A forgotten house – The origins of Eötvös József College

Hungarian version of the article: Ahonnan az Eötvös Collegium elindult – Egy elfelejtett pesti bérház

Written by: Ambrus Gönczi

November 4, 2020 at 9:00 AM

A small street near Kálvin Square bears the name of Pál Gönczy, a writer on educational subjects and teacher at the Reformed Secondary School of Pest. In 1895 a small teacher training institute named after Gönczi's former ministerial superior, Count József Eötvös was opened here. At the time it was known as Csillag Street. Loránd Eötvös founded the College, and its first headteacher was Géza Bartoniek. They are the protagonists of the first 15 years of institution's history, but the small building where early students worked with their professors until 1911, was forgotten.

The foundations of the house in Csillag Street were lain in 1872 following plans by Bódog Buzzi and a commission from Károly Kerkápoly. The versatile politician, a lawyer by profession but writing on literature and economics as well, was Minister of Finance at the time. By the time the building had been completed the following year, he had been forced to resign over a mismanaged loan case.

Gönczy Pál Street today, the building of Eötvös College on the right (Photo: Tímea Simon)

He later taught politics and economics at Pest University, cared for his vineyards on Gellért Hill and the Balaton Uplands. He created a foundation to support various educational institutions (nurseries, primary schools and secondary schools) towards the end of his life.

Kerkápoly died in the house on Csilla Street in 1891. With no next of kin, the Kerkápoly-Bodor Foundation – which also included his mother's name – supported Hungarian education with money and real estate around the country. This is how the building became the home of Eötvös College in 1895.

The building once housed Eötvös College (Photo: Tímea Simon)​

   

Portrait of Károly Kerkápoly in the 24 January 1869 issue of Vasárnapi Ujság

After 1867, an ever-increasing number of secondary schools opened in Hungary. However, it soon became clear that there was a shortage of well-trained native Hungarian teachers. In 1875, Loránd Eötvös proposed the creation of a boarding school to train secondary school teachers to Ágoston Trefort, the Minister of Religion and Public Education. The Parisian Ecole Normale Superieur, which had been one of the most renowned centres of teacher education in Europe since the French Revolution, was chosen as a model.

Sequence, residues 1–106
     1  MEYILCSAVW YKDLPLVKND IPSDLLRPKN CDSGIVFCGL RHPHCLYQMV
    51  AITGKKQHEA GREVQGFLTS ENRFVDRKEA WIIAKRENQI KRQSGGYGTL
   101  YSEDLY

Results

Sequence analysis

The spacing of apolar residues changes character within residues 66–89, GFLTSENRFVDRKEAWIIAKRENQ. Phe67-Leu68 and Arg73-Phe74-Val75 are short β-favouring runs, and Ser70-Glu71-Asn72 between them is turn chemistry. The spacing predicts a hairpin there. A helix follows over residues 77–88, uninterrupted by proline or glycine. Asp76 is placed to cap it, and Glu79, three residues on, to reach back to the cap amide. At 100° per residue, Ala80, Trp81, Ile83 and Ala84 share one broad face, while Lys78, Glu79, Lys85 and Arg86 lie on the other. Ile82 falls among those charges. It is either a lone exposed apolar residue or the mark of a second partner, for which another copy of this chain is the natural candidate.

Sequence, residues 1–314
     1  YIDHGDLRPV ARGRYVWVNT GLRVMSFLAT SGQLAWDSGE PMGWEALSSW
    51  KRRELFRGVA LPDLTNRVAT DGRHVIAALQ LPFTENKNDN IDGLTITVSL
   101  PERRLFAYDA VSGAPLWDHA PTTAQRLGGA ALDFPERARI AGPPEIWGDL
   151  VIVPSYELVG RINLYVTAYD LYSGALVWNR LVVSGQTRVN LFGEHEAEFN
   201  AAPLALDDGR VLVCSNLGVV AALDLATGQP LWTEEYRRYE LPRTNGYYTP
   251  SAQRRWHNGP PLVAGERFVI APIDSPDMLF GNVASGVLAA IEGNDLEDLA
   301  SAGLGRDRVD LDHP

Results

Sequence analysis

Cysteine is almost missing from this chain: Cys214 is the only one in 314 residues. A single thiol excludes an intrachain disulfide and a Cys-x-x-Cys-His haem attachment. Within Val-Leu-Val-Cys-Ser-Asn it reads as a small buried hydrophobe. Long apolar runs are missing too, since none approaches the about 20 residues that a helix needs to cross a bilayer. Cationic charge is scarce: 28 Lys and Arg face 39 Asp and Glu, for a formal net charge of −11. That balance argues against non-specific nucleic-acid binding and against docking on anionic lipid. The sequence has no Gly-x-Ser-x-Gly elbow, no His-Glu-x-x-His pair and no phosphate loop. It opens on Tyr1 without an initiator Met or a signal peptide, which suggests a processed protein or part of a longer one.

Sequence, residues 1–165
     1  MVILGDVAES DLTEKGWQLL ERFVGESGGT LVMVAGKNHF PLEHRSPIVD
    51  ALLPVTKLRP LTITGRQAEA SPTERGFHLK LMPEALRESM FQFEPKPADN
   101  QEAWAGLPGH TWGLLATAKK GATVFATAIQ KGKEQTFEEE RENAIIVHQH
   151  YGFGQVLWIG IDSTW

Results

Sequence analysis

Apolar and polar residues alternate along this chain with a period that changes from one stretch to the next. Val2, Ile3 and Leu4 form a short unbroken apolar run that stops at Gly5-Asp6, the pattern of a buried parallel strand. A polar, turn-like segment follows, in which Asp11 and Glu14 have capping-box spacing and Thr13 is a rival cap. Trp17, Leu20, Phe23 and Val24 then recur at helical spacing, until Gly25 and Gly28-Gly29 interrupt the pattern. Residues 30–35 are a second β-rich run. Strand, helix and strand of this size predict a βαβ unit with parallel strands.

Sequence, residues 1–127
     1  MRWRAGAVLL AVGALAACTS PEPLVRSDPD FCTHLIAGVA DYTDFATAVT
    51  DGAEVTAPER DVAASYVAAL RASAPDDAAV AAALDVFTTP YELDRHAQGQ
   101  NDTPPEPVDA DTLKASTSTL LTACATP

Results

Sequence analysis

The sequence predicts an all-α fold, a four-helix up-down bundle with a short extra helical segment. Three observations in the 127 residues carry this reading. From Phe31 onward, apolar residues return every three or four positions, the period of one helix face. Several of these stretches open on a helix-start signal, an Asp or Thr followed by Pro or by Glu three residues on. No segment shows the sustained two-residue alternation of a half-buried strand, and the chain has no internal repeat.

However, steps were only taken in 1894, during Loránd Eötvös's short term as Minister. He entered an item of 15,000 Forints into the planned budget for the creation of such a Hungarian school. His successor, Gyula Wlassics, also supported the initiative and created a board of experts to create the rules of the school. This board set out the rules of boarding and the fundamentals of education provided by the college.

Teaching began with thirty-one students at 2 Csillag Street in September 1895. The college occupied two floors of the residential building that had once been Károly Kerkápoly's home. Only students who had already been admitted to the University of Budapest but did not have a place of residence in the capital could apply to the College.

A call for applications in Pesti Napló, 1898

Loránd Eötvös became the first curator or director of Eötvös Collegium. He appointed Géza Bartoniek as headteacher, who managed the institution for more than thirty years. Eötvös quickly realized during the first academic year that the building could not be the College's final home, so he recommended only 10-10 new students be accepted in the following years. The library of the institution, which was established through several donations, was housed in three interconnected rooms on the first floor. This is also where seminars were held.

  

A potrait of Géza Bartoniek in the 14 September 1913 issue of Vasárnapi Újság